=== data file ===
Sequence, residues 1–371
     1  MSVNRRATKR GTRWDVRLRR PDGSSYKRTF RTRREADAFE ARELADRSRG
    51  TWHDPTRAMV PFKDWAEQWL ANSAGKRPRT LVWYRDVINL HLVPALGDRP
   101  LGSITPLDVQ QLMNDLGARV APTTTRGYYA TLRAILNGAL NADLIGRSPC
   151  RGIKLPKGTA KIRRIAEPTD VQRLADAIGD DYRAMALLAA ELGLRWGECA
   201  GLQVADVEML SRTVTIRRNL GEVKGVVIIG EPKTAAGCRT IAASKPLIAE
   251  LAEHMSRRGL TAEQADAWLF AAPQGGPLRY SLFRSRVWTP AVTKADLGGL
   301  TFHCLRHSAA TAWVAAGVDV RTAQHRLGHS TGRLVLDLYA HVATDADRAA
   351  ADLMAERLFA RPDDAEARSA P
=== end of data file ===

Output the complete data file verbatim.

Sequence, residues 1–371
     1  MSVNRRATKR GTRWDVRLRR PDGSSYKRTF RTRREADAFE ARELADRSRG
    51  TWHDPTRAMV PFKDWAEQWL ANSAGKRPRT LVWYRDVINL HLVPALGDRP
   101  LGSITPLDVQ QLMNDLGARV APTTTRGYYA TLRAILNGAL NADLIGRSPC
   151  RGIKLPKGTA KIRRIAEPTD VQRLADAIGD DYRAMALLAA ELGLRWGECA
   201  GLQVADVEML SRTVTIRRNL GEVKGVVIIG EPKTAAGCRT IAASKPLIAE
   251  LAEHMSRRGL TAEQADAWLF AAPQGGPLRY SLFRSRVWTP AVTKADLGGL
   301  TFHCLRHSAA TAWVAAGVDV RTAQHRLGHS TGRLVLDLYA HVATDADRAA
   351  ADLMAERLFA RPDDAEARSA P